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Becoming a Better Listener

As Christians we sit through a lot of sermons. The preaching ministry is one of God’s greatest means of grace to us, the means by which he teaches us truth, by which he calls us to pursue truth and to live out of it. And yet many of us are passive listeners, people who expect great preaching skill from the pastor but demand no listening skill from ourselves.

Lately I have come across a few resources dedicated to helping Christians be better listeners, to help them emphasize active listening. Here are three of them, each with a few words of description and an overview of the contents. If you have never read a book on how to listen to a sermon, I’d encourage you to do that. Take full advantage of the privilege you have of sitting under the ministry of the Word!

Helping Johnny Listen

Helping Johnny ListenHelping Johnny Listen by Thadeus Bergmeier. “The preaching of God’s Word happens tens of thousands of times each week across the world.  As these sermons are given, when the preacher is faithful to the text of the Scripture, it is as if God is speaking to the people of that given congregation. The question is, are people listening? Listening to preaching is more than showing up, sitting still or even nodding one’s head.  It is taking that which is preached and applying it to life.  Helping Johnny Listen is a book designed to help the average person who sits in the average church on the average Sunday take full advantage of the sermons they hear so that they are able to live what they hear.” 

Thad’s book is written from a pastoral perspective and is applicable to any level of listener. I was glad to see that he included a section on the difficulties of being a preacher and a listener in the Internet age—when better sermons by better preachers are available in the millions online. He focuses on the importance of being a faithful listener within the long context of a single local church.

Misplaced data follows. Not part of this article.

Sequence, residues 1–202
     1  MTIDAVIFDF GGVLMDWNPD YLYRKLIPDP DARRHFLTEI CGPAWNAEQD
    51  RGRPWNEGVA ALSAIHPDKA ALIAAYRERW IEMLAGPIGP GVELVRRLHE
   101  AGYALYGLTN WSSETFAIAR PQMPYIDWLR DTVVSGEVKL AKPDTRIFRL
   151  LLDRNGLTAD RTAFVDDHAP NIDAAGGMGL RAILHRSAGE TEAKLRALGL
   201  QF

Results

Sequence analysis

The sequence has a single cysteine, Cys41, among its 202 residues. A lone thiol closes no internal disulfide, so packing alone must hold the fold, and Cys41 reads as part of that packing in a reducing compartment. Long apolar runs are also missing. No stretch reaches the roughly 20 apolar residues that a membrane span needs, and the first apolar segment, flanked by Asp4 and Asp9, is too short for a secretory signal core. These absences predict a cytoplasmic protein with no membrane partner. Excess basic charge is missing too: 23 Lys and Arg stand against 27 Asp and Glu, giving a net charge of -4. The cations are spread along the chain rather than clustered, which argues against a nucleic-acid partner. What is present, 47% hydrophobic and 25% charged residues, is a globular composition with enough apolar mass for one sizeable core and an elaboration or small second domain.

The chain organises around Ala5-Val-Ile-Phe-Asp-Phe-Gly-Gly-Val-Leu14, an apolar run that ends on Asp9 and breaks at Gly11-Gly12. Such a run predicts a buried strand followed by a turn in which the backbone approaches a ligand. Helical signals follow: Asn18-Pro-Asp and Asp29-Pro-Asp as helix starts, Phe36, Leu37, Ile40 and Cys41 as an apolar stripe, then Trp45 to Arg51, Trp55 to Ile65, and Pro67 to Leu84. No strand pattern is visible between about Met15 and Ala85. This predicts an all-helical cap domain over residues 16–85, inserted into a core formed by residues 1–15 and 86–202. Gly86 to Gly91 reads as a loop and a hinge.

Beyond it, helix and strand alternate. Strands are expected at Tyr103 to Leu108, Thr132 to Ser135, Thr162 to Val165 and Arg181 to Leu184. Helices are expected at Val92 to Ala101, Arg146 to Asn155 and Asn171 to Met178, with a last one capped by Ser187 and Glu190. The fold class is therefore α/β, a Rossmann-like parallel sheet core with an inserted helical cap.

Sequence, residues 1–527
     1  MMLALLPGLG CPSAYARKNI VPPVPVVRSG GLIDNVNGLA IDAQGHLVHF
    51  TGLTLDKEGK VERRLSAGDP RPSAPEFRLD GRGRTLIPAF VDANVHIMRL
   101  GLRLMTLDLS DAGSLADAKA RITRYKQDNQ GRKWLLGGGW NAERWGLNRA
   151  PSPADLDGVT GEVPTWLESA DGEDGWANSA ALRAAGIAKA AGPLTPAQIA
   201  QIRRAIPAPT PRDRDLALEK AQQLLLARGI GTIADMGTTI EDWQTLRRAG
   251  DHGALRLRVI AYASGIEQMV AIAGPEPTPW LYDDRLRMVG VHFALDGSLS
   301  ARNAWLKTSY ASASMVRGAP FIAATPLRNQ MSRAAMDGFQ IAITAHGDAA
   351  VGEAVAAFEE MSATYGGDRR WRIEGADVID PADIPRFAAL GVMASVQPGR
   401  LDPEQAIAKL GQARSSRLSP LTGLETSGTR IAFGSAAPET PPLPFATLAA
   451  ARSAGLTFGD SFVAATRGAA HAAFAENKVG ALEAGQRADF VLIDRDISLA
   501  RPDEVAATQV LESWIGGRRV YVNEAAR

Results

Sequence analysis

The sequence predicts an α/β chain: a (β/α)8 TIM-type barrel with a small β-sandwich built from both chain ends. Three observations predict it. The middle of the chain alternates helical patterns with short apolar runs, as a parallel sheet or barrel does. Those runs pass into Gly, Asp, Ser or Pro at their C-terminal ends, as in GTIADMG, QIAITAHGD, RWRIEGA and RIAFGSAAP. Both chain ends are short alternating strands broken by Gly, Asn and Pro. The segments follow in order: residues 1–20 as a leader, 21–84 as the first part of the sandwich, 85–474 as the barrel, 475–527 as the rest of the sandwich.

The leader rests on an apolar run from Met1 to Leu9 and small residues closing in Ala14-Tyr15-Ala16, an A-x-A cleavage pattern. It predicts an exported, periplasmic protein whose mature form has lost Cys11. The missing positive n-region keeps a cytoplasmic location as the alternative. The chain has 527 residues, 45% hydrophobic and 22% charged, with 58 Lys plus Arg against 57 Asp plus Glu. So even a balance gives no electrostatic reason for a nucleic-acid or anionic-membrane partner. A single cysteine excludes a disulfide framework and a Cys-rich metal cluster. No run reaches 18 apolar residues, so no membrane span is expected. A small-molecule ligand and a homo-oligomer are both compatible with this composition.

Here is how he structures the book:

  1. The Preaching Intersection
  2. Receive the Preaching of God’s Word
  3. Examine the Preaching of God’s Word
  4. Live the Preaching of God’s Word
  5. Persevere the Preaching of God’s Word

($20 at Amazon)

Expository Listening

Expository ListeningExpository Listening: A Handbook for Hearing and Doing God’s Word by Ken Ramey. “In many people’s mind, if they don’t get anything out of the sermon, it’s the preacher’s fault. But that’s only half true. The Bible teaches that listeners must partner with the preacher so that the Word of God accomplishes its intended purpose of transforming their life. Expository Listening is your handbook on biblical listening. It is designed to equip you not only to understand what true, biblical preaching sounds like, but also how to receive it, and ultimately, what to do about it. You need to know how to look for the Word of God, to love the Word of God, and to live the Word of God. In this way, God and His Word will be honored and glorified through your life.”

Ken’s book is also written at a popular level and, with just 110 pages of text, is quite a manageable read. It comes endorsed by John MacArthur, Joel Beeke, Jay Adams, Lance Quinn, Thabiti Anyabwile and yours truly.

He follows this structure:

  1. Welcoming the Word
  2. A Theology of Listening
  3. Hearing with Your Heart
  4. Harrowing Your Heart to Hear
  5. The Itching Ear Epidemic
  6. The Discerning Listener
  7. Practice What You Hear
  8. Listening Like Your Life Depends on It

($10.19 at Amazon | $10.07 at Westminster Books)

Listen Up

Listen UpListen Up by Christopher Ash. “Why on earth does anyone need a guide on how to listen to sermons? Don’t we simply need to ‘be there’ and stay awake? Yet Jesus said: ‘Consider carefully how you listen.’ The fact is, much more is involved in truly listening to Bible teaching than just sitting and staring at the preacher. Christopher Ash outlines seven ingredients for healthy listening. He then deals with how to respond to bad sermons - ones that are dull, or inadequate, or heretical. And finally, he challenges us with ideas for helping and encouraging our Bible teachers to give sermons that will really help us to grow as Christians.”

Ash’s book is actually just a booklet, weighing in at only 31 pages. The beauty of this one is that very thing—its brevity. This is the kind of booklet you can buy in bulk and distribute widely. Many churches hand it out to all of their members as a reminder of their duty to listen. In those 31 pages, Ash packs in quite a lot of value. The book is an an attractive, fun, easy-to-read format that will make people want to read it.

Here is the way he breaks down the subject:

  1. Expect God to Speak
  2. Admit God Knows Better Than You
  3. Check the Preacher Says What the Passage Says
  4. Hear the Sermon in Church
  5. Be There Week by Week
  6. Do What the Bible Says
  7. Do What the Bible Says Today—and Rejoice!
  8. How to Listen to Bad Sermons
  9. Suggestions for Encouraging Good Preaching

($2.39 at Westminster Books, discounts for bulk purchasing)